Q&A | November 14, 2013

Why You Don't Have To Sell SMBs On Virtualization

By Bernadette Wilson, associate editor, Business Solutions magazine
Follow Me On Twitter @bernadeditor

BSM-data

Virtualization at SMBs is growing, according to a Cisco Flexpod Express Study, prepared by a group of Cisco Partners and conducted by the Blackstone Group. The study, titled “Virtualization at Small and Medium Sized Firms on the Rise,” is an in-depth survey of SMB IT managers, directors, and CIOs that concludes most SMBs use virtualization and nearly all are aware of its benefits.

Of those responding to the survey, 91 percent said virtualization would provide them with a competitive advantage, 96 percent felt they were gaining an advantage, and 71 percent who don’t currently have virtualization agreed it could provide an edge. The authors of the study report state, “In general, no matter the size of the company or budget, the study found that IT professionals don’t need to be sold on virtualization.”

Survey data shows nearly 70 percent of firms with virtualization use it to move servers from hardware to software in an effort to help cut down on server sprawl. Additionally, 90 percent of those surveyed said they are confident it can provide sufficient redundancies to ensure better business continuity and client service. Selecting from a list provided in the survey, respondents chose the top three benefits of virtualization as improved system scalability, lower unit cost for IT, and business flexibility.

The biggest driver, however, might be the cost savings of reducing existing technology infrastructure. Of those surveyed, 64 percent said a reason for employing virtualization was to reduce the size of their infrastructure, and 87 percent said cost savings of 10 to 30 percent was enough to justify the purchase.

Although the cost savings of using virtualization is widely understood, the cost of deploying the solutions remains the top barrier. Security — concern for the safety of virtual networks — is also a hurdle. Other barriers respondents identified include the effort it would take to implement the new solution, the time it would take to learn a new technology, and a lack of management buy-in.

The survey also shows a disparity in views based on management level at the businesses. Upper management is more confident in virtualization compared to middle management — 71 percent versus 41 percent. According to the report, middle management could be concerned that more efficiency resulting from virtualization could lead to fewer IT jobs or to new job descriptions.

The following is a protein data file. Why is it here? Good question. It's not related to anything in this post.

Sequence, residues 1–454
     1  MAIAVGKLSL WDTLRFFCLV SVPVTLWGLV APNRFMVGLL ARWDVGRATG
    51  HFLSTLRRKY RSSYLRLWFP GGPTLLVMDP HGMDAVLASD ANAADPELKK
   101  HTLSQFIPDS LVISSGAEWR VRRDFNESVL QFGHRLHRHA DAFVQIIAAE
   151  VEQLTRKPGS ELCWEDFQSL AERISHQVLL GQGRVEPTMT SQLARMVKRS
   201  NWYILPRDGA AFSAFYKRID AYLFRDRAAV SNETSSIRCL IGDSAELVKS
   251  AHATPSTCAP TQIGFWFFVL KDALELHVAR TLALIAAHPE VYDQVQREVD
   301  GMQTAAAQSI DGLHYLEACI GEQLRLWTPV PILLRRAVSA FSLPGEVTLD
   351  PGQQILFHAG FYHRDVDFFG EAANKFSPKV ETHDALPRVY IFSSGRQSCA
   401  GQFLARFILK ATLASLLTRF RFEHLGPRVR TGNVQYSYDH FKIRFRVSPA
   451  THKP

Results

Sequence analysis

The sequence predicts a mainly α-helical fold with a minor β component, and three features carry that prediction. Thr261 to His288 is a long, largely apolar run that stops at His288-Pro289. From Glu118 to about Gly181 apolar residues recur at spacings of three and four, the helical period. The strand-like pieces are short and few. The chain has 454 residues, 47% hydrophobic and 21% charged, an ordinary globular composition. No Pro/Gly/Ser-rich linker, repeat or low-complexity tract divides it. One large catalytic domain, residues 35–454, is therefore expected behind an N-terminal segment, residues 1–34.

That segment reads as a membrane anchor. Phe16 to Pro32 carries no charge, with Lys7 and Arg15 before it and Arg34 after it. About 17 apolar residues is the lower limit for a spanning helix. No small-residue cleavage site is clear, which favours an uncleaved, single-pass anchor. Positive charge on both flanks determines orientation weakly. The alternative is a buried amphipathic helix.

In 2014, 75 percent of IT managers at SMBs says they will increase their spending for virtualization by up to 20 percent, and 25 percent plan to keep their budgets the same. Survey results show raising awareness could help advance adoption, with 65 percent saying they hesitate due to the lack of awareness about virtualization among the general public, and 67 percent are concerned that their managers are not familiar enough with the benefits.

Mike Hardy, EVP of the Managed Solution Center at SIS, offers some advice on how to help overcome objections. “In a traditional environment, the customer typically requires more resources than needed to effectively run their environment, which means they often bear the expense for under-utilized equipment. An MSP can use virtualization to effectively spread compute resources and management oversight across multiple workloads. This enables several customers to share costs instead of being solely responsible for all platform expenses,” Hardy explains. 

“Ultimately, virtualization is the key underlying technology that makes it possible for MSPs to be price competitive — often presenting the end user a lower price point while still delivering the same or better capacities and performance,” he adds.

Bottom line, an MSP offering virtual environment-based solutions must effectively leverage the solution’s ability to provide economies of scale.  In addition, a successful MSP will utilize virtualization at all levels — the network level, the compute level, the storage level, and the management level. Virtualizing across all levels means an MSP should be able to offer end users a lower cost of computing while also providing management and oversight solutions that would otherwise prove cost prohibitive.”

To read "Virtualization at Small and Medium Sized Firms on the Rise," click here.

Newsletter Signup
Newsletter Signup
Get the latest channel trends, news, and insights